Further to my alerter post on this last month, the judgment is now available in the damning Third Country removals case on children. It is called R (on the application of T) v Secretary of State for the Home Department  EWHC 435 (Admin). As expected, the judgment is scathing. It also very strongly suggests that UKBA re-think their no-notice removals policy, which has spread to an increasing number of cases in recent months:
5. I have no doubt whatever that the manner of removal, done as it was on the same day without any opportunity for the minor to contact any lawyer or indeed any social worker or anyone else who may be able to assist, was unlawful. Indeed, it seems to me at the moment that the contrary is simply not capable of any sensible argument. The sooner the same day removal is reconsidered and hopefully abolished, the better. Apart from anything else, it goes totally against the Home Office arrangement with this court and agreement that no one will be removed unless 3 days opportunity is given for advice to be sought and contact to be made with a lawyer. Detention may not generally be desirable, and clearly is not. However, there may be circumstances where there is a real and appropriate fear that if warned that removal is going to take place within 3 days the individual will abscond. If there is such a concern then, as it seems to me, the interests of the child in being able to contact advisers must prevail over the question of detention, which after all need not be in a severe unit, if I may put it that way. There are surely arrangements that can be made that any such detention is, for example in a Local Authority secure accommodation, or some secure accommodation which the Home Office could arrange. I can see no conceivable justification for same day removals in the sort of the circumstances that we have seen in these two cases.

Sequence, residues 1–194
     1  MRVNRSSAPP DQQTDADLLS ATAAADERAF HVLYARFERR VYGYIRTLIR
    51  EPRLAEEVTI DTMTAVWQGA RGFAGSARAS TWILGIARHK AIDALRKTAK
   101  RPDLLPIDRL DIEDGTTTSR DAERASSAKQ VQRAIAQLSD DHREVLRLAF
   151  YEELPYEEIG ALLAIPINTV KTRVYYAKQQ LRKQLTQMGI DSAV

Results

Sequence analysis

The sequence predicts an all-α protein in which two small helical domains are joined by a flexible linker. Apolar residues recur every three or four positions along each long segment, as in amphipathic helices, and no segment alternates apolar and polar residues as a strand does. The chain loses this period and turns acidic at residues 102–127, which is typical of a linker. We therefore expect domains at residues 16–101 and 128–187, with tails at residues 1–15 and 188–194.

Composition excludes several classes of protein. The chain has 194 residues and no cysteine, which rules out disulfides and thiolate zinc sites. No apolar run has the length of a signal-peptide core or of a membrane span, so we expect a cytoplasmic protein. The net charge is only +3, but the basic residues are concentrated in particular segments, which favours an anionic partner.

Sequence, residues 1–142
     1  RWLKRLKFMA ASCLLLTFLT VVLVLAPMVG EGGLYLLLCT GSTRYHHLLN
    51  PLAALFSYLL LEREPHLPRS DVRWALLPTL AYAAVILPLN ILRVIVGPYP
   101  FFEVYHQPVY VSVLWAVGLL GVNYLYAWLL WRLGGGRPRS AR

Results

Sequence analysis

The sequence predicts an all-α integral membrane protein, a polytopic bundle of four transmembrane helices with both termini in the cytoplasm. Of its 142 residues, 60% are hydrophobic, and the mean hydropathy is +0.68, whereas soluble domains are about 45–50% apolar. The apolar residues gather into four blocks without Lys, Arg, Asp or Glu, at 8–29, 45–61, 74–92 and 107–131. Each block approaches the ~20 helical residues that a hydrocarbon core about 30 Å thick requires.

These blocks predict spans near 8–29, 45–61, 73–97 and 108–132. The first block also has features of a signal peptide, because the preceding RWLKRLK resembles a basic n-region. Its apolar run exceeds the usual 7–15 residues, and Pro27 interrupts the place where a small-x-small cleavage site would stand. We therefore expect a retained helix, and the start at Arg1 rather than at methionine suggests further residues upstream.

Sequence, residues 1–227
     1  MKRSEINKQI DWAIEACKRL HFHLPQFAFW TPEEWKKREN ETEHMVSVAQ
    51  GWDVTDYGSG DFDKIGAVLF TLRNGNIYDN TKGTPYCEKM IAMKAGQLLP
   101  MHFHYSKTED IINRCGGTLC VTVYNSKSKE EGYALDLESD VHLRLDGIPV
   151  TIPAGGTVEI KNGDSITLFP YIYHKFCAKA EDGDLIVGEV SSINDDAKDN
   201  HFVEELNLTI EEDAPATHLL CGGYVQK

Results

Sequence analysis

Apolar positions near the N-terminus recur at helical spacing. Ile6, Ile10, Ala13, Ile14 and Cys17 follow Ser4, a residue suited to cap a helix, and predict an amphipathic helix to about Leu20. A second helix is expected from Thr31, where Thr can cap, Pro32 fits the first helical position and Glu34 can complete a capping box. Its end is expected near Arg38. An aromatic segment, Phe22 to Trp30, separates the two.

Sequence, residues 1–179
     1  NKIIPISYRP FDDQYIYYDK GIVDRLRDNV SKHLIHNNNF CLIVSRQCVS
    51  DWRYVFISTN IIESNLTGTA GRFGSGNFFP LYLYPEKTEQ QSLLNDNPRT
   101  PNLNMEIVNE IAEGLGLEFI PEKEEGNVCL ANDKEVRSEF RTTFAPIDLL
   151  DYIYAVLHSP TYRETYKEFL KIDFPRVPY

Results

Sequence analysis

Ministers and senior civil servants at UKBA do not understand what is meant by ‘the rule of law’ and they do not understand that it is not something that can be selectively toyed with. Either they do not understand it or, more worryingly, they perfectly well understand it and don’t give a damn. There is undoubtedly a culture of institutional unlawfulness, to coin a phrase.
It’s just not good enough. What does it take for them to realise that acting unlawfully is a bad idea? Sadly, this case of T provides a partial answer. It is considered perfectly acceptable to wrench a child away from her foster carers with no warning and turn her loose on the streets of Italy to find her own shelter with an unknown man and perhaps return to a life on the street of abuse and prostitution. I don’t really see how the officials responsible can entirely blame Ministers for day to day operational decisions like this one.